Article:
Cyclists and walkers to be separated

Selwyn and Pam Chalmers, of Macandrew Bay, enjoy a stroll on a completed section of the Otago...
Selwyn and Pam Chalmers, of Macandrew Bay, enjoy a stroll on a completed section of the Otago Peninsula shared pathway. Photo by Stephen Jaquiery.

Conflict between pedestrians and cyclists on Dunedin cycleways has influenced a council decision to separate them on the next stage of the Otago Peninsula shared pathway.

Projects engineer Evan Matheson said that, after consulting various parties, the council had decided to split the Ohinetu Point to Harington Point section, probably with a painted line.

The new configuration would give both cyclists and pedestrians their ''own space'' and help avoid conflicts, he said.

The popularity of the shared pathways on both sides of the peninsula had resulted in conflict and the council had taken this into account in making the decision.

''The pedestrians get frustrated with the cyclists and the cyclists sometimes get frustrated with the pedestrians.''

Despite these issues, there were no plans to make changes to the already completed sections.

''In a perfect world, yes we would have a separate path for each, but we haven't got that luxury, so we have got to use the space as best as we can. People just have to recognise that it is very popular ... and take care,'' he said.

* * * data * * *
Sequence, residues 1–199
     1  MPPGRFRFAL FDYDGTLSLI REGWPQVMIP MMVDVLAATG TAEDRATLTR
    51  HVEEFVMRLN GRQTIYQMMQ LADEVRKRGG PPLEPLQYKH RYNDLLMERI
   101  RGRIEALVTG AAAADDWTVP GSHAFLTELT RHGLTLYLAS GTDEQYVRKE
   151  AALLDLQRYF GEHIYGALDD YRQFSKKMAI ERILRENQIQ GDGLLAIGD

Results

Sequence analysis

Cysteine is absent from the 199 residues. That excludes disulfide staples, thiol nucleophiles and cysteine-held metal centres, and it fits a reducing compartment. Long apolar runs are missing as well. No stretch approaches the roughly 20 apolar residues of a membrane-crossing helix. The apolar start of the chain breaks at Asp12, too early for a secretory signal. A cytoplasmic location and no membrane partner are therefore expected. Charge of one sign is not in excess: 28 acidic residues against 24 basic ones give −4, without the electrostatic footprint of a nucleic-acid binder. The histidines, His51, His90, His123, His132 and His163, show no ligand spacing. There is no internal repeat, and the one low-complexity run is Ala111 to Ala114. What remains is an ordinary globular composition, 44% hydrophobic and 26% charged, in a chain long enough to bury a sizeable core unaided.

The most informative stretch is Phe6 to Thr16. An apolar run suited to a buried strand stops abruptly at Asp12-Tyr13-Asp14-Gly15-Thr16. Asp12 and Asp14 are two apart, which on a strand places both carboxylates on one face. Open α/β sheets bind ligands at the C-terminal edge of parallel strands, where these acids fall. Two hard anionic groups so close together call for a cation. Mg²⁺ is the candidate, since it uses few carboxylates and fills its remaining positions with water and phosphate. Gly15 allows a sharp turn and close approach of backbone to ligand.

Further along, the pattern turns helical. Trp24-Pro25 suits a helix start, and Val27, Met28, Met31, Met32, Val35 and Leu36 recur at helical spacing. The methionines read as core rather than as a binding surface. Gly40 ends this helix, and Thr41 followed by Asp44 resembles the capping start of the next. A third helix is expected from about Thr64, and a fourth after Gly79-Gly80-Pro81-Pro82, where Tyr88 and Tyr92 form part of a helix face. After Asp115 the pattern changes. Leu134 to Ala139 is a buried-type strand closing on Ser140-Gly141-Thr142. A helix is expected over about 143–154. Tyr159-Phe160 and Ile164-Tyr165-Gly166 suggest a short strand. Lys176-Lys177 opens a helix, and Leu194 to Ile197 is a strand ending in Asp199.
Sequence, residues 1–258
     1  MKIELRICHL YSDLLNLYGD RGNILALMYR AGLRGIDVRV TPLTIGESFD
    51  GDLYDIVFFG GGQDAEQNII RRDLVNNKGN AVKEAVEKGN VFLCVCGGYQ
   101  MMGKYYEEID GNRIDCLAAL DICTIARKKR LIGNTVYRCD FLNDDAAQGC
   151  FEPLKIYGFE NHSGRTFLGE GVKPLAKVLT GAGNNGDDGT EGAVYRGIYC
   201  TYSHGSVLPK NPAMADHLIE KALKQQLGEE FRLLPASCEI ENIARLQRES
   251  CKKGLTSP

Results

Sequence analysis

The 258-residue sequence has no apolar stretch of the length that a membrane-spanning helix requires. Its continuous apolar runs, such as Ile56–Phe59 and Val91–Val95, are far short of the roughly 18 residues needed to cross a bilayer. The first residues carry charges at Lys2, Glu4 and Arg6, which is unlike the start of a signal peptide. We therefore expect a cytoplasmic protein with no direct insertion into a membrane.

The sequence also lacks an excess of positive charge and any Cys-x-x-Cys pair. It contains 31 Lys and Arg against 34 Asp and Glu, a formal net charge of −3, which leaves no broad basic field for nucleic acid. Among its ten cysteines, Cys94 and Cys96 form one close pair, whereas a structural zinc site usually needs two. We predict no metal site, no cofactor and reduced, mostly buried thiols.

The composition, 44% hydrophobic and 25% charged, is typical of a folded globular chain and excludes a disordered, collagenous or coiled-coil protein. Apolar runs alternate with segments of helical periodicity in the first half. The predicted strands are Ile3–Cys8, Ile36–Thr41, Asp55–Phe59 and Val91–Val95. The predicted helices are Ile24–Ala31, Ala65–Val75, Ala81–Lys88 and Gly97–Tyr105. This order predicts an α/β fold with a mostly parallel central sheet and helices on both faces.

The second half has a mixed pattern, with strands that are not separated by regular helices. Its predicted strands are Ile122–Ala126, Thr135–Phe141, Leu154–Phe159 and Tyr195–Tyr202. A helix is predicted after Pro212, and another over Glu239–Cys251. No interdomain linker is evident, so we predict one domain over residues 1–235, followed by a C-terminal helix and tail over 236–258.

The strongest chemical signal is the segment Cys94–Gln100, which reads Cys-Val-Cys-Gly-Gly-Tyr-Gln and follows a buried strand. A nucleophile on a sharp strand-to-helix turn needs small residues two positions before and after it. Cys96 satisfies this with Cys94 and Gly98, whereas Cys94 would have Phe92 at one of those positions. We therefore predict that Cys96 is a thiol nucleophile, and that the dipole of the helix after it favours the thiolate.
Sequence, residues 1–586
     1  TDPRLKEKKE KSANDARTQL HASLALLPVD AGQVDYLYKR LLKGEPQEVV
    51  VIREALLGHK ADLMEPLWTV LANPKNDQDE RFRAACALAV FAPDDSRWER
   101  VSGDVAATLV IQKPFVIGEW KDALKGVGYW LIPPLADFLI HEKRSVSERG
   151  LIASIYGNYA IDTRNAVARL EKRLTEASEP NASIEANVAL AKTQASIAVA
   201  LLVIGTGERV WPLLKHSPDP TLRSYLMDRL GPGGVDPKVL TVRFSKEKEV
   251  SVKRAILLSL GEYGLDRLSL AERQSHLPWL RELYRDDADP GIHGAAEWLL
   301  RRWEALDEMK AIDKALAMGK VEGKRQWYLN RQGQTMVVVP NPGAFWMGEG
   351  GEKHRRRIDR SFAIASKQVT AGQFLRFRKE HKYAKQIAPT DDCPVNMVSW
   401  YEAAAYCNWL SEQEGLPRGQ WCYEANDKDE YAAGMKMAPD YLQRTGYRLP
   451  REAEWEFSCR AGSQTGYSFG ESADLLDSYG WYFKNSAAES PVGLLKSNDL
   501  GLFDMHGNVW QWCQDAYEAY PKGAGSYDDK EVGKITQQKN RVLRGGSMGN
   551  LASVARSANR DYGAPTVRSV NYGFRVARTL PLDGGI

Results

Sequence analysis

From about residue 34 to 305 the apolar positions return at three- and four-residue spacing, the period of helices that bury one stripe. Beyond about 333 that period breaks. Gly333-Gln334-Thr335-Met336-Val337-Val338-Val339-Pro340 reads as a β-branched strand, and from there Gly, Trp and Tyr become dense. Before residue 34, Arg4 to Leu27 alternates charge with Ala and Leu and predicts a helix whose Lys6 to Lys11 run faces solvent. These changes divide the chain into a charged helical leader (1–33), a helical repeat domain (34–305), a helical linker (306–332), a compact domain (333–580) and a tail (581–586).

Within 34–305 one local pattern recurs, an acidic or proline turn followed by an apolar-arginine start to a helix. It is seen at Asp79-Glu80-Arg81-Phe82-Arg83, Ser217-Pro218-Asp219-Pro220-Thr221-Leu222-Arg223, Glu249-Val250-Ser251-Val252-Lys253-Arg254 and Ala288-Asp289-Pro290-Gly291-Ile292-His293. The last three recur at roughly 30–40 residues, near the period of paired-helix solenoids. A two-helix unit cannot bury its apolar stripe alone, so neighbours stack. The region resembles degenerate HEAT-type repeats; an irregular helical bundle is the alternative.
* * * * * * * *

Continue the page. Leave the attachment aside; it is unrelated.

The council would also get rid of the on-road cycle lane on the new section, replacing it with the shared pathway.

The council's consent application for the next section would probably be completed by the end of this month, with construction likely to begin early next year.

Otago Peninsula Community Board member John Bellamy said splitting the shared pathway was a ''no-brainer''.

''There is an illogicality about having cyclists ... on a pedestrian way. It seems to me that it is inevitable that cyclists are going to collide with pedestrians,'' he said.

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